Knots: Mathematics With A Twist.
Knots are trendy, declares Sossinsky, a Russian mathematician. Long ignored as an important but uninteresting branch of topology, knot theory is now used in descriptions of weather systems, mathematical models used in physics, and even the study of DNA. The author describes knot theory by chronicling its history. Beginning with Lord Kelvin's ill-conceived idea of using knots as a model for the atom, Sossinsky moves to the connection of knots to braids and then on to the arithmetic of knots. Other topics are the Jones polynomial, which links knot theory to physics, and a clear exposition on Vassilev invariants. Throughout, this book untangles many a snag in the field of mathematics. HUP, 2002, 127 p., b&w illus., hardcover, $24.95.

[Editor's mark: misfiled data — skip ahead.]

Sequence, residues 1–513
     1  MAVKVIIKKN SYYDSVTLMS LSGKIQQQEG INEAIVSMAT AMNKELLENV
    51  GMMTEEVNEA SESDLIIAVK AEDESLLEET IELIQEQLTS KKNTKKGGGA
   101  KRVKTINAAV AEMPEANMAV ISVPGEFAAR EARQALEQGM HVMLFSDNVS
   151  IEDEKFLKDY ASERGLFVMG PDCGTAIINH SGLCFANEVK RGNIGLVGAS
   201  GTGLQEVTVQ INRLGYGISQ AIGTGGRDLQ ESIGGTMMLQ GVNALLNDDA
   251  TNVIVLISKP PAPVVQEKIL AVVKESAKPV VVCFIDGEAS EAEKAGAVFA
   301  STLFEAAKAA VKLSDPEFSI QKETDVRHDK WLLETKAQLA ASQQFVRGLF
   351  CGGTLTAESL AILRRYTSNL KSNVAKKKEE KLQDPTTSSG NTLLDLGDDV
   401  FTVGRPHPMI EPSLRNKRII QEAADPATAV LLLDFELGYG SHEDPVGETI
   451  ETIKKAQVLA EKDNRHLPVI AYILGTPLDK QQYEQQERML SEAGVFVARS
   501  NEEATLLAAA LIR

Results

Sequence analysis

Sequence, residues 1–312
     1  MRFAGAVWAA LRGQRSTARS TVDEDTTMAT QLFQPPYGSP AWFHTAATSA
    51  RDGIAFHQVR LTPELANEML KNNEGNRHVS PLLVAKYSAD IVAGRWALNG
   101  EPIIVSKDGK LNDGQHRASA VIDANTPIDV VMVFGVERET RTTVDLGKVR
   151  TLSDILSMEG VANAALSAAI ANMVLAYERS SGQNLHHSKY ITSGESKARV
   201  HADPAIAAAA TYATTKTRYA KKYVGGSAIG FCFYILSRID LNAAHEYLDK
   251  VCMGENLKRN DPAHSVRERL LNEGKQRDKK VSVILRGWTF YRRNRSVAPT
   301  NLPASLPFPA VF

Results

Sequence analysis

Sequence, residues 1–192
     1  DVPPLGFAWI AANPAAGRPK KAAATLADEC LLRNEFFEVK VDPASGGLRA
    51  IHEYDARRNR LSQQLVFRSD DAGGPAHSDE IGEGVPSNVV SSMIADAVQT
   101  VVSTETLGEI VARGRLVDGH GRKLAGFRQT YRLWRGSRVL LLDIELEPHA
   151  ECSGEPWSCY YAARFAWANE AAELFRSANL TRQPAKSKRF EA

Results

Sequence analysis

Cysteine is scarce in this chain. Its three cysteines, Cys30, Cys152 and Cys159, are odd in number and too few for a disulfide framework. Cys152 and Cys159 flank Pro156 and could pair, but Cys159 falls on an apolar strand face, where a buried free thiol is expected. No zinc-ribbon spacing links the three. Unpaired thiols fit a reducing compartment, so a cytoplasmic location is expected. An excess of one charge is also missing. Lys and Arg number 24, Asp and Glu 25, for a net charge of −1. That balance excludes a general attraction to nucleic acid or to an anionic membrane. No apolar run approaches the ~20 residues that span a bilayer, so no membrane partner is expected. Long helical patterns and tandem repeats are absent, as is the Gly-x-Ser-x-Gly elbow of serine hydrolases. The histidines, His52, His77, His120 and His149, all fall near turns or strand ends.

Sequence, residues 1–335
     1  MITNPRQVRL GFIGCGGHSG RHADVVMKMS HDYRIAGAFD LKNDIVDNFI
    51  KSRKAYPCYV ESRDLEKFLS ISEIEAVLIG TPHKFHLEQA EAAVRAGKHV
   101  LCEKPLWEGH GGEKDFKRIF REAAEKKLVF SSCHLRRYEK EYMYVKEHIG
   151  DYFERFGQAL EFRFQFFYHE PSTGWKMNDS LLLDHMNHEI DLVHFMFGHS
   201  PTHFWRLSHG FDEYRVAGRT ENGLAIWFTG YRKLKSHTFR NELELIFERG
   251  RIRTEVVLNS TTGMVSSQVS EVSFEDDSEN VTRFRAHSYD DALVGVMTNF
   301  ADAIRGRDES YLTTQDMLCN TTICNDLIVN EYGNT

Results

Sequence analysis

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|Article Type:||Book Review|
|Date:||Jan 11, 2003|
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